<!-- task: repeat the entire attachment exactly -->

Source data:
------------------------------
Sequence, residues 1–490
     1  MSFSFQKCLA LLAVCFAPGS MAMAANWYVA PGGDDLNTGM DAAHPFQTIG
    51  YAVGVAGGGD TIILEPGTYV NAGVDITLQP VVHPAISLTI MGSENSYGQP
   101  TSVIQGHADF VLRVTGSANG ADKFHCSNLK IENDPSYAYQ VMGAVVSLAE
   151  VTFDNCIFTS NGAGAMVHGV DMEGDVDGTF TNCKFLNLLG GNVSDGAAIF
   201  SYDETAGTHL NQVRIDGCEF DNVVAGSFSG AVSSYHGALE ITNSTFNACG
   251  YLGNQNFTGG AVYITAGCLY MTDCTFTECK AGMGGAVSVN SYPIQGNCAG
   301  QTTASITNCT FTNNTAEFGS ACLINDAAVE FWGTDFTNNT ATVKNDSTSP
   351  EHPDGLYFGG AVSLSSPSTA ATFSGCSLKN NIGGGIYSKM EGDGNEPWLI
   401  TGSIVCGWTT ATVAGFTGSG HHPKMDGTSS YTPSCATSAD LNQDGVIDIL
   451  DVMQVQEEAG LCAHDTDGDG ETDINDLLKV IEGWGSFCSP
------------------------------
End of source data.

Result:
Sequence, residues 1–490
     1  MSFSFQKCLA LLAVCFAPGS MAMAANWYVA PGGDDLNTGM DAAHPFQTIG
    51  YAVGVAGGGD TIILEPGTYV NAGVDITLQP VVHPAISLTI MGSENSYGQP
   101  TSVIQGHADF VLRVTGSANG ADKFHCSNLK IENDPSYAYQ VMGAVVSLAE
   151  VTFDNCIFTS NGAGAMVHGV DMEGDVDGTF TNCKFLNLLG GNVSDGAAIF
   201  SYDETAGTHL NQVRIDGCEF DNVVAGSFSG AVSSYHGALE ITNSTFNACG
   251  YLGNQNFTGG AVYITAGCLY MTDCTFTECK AGMGGAVSVN SYPIQGNCAG
   301  QTTASITNCT FTNNTAEFGS ACLINDAAVE FWGTDFTNNT ATVKNDSTSP
   351  EHPDGLYFGG AVSLSSPSTA ATFSGCSLKN NIGGGIYSKM EGDGNEPWLI
   401  TGSIVCGWTT ATVAGFTGSG HHPKMDGTSS YTPSCATSAD LNQDGVIDIL
   451  DVMQVQEEAG LCAHDTDGDG ETDINDLLKV IEGWGSFCSP